Kenya will expand the use of the world’s first malaria vaccine (or RTS,S), in the country.

At this centre at Kimogoi Dispensary Hamisi Sub-county in western Kenya, mothers bring their children to receive the jab.

Kenya is one of three countries, along with Ghana and Malawi, where the RTS,S malaria vaccine is already in use.

The Director General for Health details the vaccination campaign.

“We have so far vaccinated close to four hundred thousand children,” Patrick Amoth said.

“In Vihiga county alone at least twenty-five thousand children have been vaccinated against malaria. Within these areas, there has been a substantial reduction in deadly, severe malaria, a drop in child hospitalizations, and a reduction in child deaths.”

Isabella Osido says, vaccination has changed everything for her daugther, Faith.

Malaria is an acute febrile illness caused by parasites, which are spread to people through the bites of infected mosquitoes.

According to the World Health Organisation, the RTS,S vaccine acts against Plasmodium falciparum, the deadliest malaria parasite globally and the most prevalent in Africa.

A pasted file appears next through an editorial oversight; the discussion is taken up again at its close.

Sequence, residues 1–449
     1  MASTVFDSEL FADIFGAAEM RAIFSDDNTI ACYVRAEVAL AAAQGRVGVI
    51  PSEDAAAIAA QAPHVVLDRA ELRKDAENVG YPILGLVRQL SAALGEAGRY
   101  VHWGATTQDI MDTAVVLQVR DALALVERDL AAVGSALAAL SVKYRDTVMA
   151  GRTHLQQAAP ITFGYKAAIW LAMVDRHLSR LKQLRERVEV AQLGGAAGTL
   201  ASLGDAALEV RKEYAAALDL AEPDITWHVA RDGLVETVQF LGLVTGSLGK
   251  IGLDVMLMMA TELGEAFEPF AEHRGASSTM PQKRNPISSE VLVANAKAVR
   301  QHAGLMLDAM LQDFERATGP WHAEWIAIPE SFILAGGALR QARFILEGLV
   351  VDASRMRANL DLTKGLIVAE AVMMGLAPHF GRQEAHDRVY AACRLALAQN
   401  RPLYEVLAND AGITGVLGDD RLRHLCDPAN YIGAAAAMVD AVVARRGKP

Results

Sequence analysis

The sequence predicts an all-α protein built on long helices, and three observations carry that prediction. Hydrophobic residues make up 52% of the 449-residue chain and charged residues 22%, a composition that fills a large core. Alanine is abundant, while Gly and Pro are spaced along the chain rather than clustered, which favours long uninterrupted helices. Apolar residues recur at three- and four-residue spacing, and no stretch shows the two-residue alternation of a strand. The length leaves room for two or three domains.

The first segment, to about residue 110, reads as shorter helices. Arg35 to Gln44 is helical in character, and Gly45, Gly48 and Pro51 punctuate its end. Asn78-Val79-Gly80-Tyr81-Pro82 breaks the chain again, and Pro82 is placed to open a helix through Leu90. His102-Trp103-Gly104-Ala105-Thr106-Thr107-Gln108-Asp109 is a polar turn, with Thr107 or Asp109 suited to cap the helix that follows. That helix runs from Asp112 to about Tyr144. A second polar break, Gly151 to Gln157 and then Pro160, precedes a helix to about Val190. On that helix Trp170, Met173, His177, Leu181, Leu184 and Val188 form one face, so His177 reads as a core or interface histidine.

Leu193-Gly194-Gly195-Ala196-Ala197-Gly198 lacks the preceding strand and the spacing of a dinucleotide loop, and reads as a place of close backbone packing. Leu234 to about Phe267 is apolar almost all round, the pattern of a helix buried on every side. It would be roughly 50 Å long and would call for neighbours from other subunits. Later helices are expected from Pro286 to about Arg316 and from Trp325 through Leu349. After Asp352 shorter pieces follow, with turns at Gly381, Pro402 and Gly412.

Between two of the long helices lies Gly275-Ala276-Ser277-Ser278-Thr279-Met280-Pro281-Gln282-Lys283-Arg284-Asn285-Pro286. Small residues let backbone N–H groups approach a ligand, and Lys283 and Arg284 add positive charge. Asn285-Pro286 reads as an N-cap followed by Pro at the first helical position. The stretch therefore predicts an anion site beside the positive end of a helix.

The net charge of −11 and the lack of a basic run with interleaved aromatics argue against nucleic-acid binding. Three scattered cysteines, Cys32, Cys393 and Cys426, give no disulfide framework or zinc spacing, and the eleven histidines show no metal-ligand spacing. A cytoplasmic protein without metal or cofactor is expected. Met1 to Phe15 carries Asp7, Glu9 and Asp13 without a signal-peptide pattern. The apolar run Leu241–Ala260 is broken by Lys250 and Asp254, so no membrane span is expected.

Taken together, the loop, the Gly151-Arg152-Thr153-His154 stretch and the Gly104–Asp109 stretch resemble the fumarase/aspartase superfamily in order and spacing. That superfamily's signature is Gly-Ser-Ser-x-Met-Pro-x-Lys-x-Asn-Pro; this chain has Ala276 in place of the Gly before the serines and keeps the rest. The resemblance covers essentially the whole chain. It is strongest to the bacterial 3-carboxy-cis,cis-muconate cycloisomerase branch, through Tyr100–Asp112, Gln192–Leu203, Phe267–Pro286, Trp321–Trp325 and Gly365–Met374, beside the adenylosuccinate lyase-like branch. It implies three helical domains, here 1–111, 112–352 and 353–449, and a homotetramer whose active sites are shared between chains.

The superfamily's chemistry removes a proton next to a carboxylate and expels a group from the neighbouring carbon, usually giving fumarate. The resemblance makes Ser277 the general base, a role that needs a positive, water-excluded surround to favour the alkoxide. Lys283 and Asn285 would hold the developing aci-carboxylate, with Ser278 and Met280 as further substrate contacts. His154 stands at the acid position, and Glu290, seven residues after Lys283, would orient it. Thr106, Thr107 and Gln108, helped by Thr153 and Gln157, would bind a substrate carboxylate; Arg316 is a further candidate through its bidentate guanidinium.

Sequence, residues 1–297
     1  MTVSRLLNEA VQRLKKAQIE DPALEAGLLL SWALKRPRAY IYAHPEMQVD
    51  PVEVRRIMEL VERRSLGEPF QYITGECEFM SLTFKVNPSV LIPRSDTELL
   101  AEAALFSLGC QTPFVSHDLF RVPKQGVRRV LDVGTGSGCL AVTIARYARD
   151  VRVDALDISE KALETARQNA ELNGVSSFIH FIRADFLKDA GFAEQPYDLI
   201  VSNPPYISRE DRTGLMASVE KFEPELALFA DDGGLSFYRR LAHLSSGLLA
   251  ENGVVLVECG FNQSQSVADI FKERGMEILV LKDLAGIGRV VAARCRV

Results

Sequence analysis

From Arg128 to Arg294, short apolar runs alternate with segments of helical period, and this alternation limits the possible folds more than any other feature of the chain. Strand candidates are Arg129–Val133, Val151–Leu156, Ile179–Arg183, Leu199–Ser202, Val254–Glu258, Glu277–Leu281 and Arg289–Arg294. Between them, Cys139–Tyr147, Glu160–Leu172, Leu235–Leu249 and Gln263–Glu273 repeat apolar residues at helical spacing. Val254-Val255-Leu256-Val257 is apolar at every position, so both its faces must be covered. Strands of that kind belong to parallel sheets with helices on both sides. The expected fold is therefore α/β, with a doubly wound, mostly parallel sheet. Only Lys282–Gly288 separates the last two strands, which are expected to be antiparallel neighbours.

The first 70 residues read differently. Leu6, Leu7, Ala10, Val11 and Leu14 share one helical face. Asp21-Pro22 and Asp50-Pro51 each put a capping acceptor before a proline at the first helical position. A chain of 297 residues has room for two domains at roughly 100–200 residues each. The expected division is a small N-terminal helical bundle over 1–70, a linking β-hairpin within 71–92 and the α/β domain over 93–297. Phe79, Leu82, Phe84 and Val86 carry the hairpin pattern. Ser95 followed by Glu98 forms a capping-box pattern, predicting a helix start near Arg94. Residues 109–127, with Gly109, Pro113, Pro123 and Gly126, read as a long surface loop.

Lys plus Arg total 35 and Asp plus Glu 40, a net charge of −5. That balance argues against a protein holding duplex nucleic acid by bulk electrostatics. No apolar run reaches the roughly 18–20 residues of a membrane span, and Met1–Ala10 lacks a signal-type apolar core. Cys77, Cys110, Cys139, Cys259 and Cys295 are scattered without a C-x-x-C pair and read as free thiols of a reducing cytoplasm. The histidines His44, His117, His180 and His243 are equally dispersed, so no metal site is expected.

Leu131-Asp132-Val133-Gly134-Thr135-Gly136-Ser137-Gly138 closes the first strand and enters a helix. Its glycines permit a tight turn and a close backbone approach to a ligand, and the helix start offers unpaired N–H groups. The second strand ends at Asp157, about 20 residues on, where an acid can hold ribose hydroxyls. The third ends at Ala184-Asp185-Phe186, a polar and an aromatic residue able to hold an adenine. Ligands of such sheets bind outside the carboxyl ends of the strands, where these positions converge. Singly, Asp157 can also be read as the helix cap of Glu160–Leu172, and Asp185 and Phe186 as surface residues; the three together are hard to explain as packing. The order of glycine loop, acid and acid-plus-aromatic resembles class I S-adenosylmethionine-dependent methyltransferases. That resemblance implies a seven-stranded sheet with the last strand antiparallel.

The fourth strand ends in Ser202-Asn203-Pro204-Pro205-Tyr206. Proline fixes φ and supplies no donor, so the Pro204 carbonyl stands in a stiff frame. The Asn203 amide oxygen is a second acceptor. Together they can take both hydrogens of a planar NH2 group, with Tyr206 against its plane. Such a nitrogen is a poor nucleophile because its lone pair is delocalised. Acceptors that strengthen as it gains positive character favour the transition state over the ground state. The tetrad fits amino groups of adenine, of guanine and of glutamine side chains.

“Since I gave birth to Faith, at the beginning she was always sick with malaria.”

“She could treat at a rural clinic, and when I saw the writings of vaccines on the wall I asked the doctor who told me that they were for malaria, and that when Faith gets to the age of six months, she would receive it, then seven months until twenty-four months. When she finished the doses for Vaccine, the doctor forgot my name (meaning she has never gone back to the hospital with malaria again).”

The extension announcement by the Ministry of Health on Monday (Mar. 6), follows a recommendation from the National Immunization Technical Advisory Group for use of vaccinaton within Kenya’s lake-endemic region and the WHO recommendation for broader use of the vaccine among children in sub-Saharan Africa and in other regions with moderate to high malaria transmission.

Protestant Council of Rwanda bars abortions in its clinics

A fifteen years old woman who got pregnant after having been raped by rebels in the …   –   Copyright © africanews

By Rédaction Africanews with AP

The Protestant Council of Rwanda has directed all health facilities run by its members to stop carrying out all abortions.

The council’s decision earlier this month described abortion as a sin, echoing the stance of Rwanda’s more widely followed Catholic Church but conflicting with the East African country’s law which permits abortions for specific reasons.

The statement signed by 26 Protestant religious organizations instead called on parents to “guide” their daughters to seek abstinence until marriage.